Up to 400 foreign Taliban fighters who staged a bloody uprising at the northern Afghan prison fortress of Qala-e-Jangi have been killed, a local commander with the Northern Alliance told AFP on Monday.
Commander Shujan Uddin said 300 to 400 prisoners were killed by US bombing and alliance troops on Sunday, leaving only a few resisters holed up in a basement inside the fortress.
He was speaking as hardcore Taliban prisoners were surrounded and under fire on Monday, in response to the bloody uprising, in which a US adviser was also reported killed.
Violence continued on Monday at the fort, located some 10 kilometers (six miles) west of the city of Mazar-i-Sharif.
Pentagon officials confirmed that US warplanes had bombed the fort to quell the revolt but denied reports that a US serviceman had been disarmed and killed. They declined to say if other categories of US personnel were involved in the incident.
The Northern Alliance said eight of its fighters were killed on Sunday when a wayward US bomb hit one of their tanks.
Some 500 Northern Alliance troops surrounded the mud structure on Monday, an alliance tank was seen firing on the fort, and mortars and Kalashnikov fire was heard inside.
The Red Cross director for northern Afghanistan, Olivier Martin, said he had heard mortar fire around the sprawling prison fortress.
Gunfire was heard around the prison overnight and Northern Alliance officials said the Taliban prisoners, armed with captured weapons, were refusing to give up.
"We are watching them to prevent them escaping. If they try, we will open fire," said Mohammad Alam, spokesman for Alliance commander Atta Mohammad. "Some among them who tried to leave were bombed."
Alam said most of the prisoners at Qala-e-Jangi fort were foreigners -- Chechens, Pakistanis and Arabs -- who had surrendered at Kunduz to the east, the Taliban's last redoubt in northern Afghanistan.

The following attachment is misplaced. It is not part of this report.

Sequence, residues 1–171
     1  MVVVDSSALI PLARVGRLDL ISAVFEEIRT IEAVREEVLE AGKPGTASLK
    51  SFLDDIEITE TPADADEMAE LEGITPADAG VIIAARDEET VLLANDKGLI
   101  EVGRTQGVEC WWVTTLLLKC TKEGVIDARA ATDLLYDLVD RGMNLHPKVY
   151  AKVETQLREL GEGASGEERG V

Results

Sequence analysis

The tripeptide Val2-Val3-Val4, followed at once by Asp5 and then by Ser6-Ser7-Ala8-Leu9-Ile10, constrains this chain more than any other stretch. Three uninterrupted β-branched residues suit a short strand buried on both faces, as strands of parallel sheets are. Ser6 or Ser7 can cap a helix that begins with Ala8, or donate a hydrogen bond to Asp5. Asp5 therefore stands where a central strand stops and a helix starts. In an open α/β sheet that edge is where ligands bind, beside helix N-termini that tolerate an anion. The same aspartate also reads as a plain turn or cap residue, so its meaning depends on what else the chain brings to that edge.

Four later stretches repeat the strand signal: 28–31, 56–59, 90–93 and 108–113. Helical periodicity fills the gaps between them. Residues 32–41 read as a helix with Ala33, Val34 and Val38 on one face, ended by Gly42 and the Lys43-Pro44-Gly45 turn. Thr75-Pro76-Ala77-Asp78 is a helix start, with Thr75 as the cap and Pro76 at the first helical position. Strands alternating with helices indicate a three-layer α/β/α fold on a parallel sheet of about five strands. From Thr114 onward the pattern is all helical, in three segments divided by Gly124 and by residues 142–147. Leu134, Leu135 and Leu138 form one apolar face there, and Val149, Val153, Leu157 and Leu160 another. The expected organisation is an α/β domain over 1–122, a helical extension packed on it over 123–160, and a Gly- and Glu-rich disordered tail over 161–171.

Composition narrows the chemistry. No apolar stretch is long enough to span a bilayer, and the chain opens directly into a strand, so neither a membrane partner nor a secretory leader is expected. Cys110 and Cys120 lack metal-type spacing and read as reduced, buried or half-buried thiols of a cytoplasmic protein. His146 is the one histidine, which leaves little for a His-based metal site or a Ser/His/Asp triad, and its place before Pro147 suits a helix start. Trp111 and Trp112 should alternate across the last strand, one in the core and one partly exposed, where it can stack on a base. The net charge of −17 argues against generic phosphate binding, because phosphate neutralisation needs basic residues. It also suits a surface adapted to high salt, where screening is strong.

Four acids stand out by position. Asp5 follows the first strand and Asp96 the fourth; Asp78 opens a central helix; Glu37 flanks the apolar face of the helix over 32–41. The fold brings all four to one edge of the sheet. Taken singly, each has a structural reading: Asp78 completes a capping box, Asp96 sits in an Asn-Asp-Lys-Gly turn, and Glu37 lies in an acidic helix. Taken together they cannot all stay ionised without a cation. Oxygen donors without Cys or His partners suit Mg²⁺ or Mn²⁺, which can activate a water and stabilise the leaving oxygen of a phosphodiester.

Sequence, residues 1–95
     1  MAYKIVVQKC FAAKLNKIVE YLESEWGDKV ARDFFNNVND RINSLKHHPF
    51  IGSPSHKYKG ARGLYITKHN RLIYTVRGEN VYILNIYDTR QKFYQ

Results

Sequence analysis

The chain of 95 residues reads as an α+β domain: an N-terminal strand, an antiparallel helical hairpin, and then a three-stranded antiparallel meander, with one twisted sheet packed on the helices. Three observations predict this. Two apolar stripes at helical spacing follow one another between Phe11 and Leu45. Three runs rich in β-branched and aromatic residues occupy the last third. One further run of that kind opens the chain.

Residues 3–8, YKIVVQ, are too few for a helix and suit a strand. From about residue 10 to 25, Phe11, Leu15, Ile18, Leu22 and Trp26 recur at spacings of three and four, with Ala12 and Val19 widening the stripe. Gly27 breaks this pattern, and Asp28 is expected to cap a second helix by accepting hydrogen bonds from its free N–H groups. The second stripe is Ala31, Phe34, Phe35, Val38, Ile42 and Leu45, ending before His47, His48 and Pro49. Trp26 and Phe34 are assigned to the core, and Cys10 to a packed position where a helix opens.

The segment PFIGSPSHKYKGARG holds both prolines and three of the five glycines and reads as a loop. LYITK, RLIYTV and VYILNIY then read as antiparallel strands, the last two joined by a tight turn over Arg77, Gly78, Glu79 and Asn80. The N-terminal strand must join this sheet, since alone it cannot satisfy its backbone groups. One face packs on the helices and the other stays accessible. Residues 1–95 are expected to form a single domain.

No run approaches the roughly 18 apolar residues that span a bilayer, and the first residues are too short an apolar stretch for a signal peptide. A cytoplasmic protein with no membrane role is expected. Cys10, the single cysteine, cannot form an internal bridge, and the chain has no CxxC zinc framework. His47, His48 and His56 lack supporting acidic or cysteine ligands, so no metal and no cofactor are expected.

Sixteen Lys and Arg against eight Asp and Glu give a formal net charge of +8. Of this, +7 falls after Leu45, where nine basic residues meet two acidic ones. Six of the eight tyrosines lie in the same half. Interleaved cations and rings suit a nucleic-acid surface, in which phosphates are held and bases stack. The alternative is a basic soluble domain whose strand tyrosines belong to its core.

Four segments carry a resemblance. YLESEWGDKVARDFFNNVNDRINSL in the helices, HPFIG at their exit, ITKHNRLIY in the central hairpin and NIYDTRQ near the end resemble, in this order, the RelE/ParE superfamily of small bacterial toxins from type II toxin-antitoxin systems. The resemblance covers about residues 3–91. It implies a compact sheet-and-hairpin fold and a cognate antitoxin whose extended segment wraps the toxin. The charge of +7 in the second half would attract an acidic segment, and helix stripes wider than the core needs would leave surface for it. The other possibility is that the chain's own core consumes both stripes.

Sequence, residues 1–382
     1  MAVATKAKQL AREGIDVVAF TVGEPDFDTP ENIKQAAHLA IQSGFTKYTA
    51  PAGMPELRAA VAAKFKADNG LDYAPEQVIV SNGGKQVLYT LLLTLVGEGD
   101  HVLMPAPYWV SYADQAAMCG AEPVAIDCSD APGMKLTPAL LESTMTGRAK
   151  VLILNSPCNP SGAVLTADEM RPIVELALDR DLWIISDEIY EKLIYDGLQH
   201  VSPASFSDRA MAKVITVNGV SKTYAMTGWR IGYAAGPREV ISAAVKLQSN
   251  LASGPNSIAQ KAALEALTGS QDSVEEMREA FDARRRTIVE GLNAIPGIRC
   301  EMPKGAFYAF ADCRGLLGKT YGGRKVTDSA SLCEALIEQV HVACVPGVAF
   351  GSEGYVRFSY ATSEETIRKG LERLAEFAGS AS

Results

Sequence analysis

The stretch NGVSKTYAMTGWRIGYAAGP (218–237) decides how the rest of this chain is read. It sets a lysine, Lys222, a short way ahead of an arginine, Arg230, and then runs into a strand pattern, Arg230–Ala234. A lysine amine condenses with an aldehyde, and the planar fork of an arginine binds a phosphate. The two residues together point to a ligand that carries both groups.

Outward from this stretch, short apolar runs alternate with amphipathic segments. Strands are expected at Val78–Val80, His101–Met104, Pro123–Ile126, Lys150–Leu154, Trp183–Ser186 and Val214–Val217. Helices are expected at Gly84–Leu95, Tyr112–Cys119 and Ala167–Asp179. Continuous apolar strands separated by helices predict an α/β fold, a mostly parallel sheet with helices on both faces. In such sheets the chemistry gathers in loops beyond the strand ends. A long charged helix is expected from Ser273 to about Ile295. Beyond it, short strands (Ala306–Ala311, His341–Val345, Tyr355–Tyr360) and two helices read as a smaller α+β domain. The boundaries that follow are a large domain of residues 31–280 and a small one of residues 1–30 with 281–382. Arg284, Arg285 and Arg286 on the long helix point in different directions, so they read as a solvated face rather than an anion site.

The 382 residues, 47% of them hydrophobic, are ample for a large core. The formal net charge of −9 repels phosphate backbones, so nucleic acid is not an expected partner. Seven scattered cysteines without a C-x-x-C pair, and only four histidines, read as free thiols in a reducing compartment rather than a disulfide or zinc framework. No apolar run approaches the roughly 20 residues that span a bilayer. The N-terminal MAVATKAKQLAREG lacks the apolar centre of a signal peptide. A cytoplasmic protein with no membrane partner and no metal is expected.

"They were those who surrendered," Alam said. "They then disarmed the guards and the security services."
Some of the prisoners are believed to be members of the al-Qaeda network of alleged terrorist Osama bin Laden.
Witnesses on Sunday said hundreds had died in air strikes directed by US and British commandos on the ground.
Time correspondent Alex Perry said two Americans were initially trapped in the prison and one was disarmed and killed.
Around 12 US and British special forces later fought alongside Northern Alliance soldiers in a fierce battle with the Taliban troops who had seized part of the prison compound.
"The Taliban grabbed guns off the Northern Alliance, overpowered them, killed at least 20 and the Northern Alliance lost control of the fort and had to withdraw from the fort," said Perry, whose live description of the action via satellite phone was carried on Time's webpage.
An interpreter who was near the prison when the uprising occurred said the mainly Arab, Pakistani and Chechen militants disarmed their guards after killing senior alliance commanders with a hand grenade.
Ulugbek Orgashev said a vicious gunbattle ensued and "a lot of people, perhaps a hundred" were killed.
"An American adviser was killed during the shootout," he said.
Perry said he had heard that "probably 300, 400 Taliban" were killed in waves of bombings by US warplanes.
"The mission by the Americans and Northern Alliance is to kill every single one of them now," he said.
Explosions could be heard in the distance around Mazar-i-Sharif as night fell on Sunday after more than six hours of fighting and US warplanes buzzed overhead – Afghanistan (AFP)
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